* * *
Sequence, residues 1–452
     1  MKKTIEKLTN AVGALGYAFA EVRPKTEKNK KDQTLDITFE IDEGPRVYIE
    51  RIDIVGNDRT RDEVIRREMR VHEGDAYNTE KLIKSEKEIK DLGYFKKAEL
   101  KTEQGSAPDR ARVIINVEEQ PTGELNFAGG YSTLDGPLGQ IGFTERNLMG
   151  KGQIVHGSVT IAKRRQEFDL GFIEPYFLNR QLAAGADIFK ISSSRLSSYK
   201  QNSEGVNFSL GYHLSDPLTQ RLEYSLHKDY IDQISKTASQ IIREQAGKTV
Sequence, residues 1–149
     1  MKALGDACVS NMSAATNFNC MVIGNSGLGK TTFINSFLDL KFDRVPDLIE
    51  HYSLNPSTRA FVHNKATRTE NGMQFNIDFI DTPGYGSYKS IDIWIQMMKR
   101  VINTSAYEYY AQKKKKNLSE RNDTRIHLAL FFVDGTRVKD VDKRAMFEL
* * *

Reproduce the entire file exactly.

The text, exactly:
Sequence, residues 1–452
     1  MKKTIEKLTN AVGALGYAFA EVRPKTEKNK KDQTLDITFE IDEGPRVYIE
    51  RIDIVGNDRT RDEVIRREMR VHEGDAYNTE KLIKSEKEIK DLGYFKKAEL
   101  KTEQGSAPDR ARVIINVEEQ PTGELNFAGG YSTLDGPLGQ IGFTERNLMG
   151  KGQIVHGSVT IAKRRQEFDL GFIEPYFLNR QLAAGADIFK ISSSRLSSYK
   201  QNSEGVNFSL GYHLSDPLTQ RLEYSLHKDY IDQISKTASQ IIREQAGKTV
Sequence, residues 1–149
     1  MKALGDACVS NMSAATNFNC MVIGNSGLGK TTFINSFLDL KFDRVPDLIE
    51  HYSLNPSTRA FVHNKATRTE NGMQFNIDFI DTPGYGSYKS IDIWIQMMKR
   101  VINTSAYEYY AQKKKKNLSE RNDTRIHLAL FFVDGTRVKD VDKRAMFEL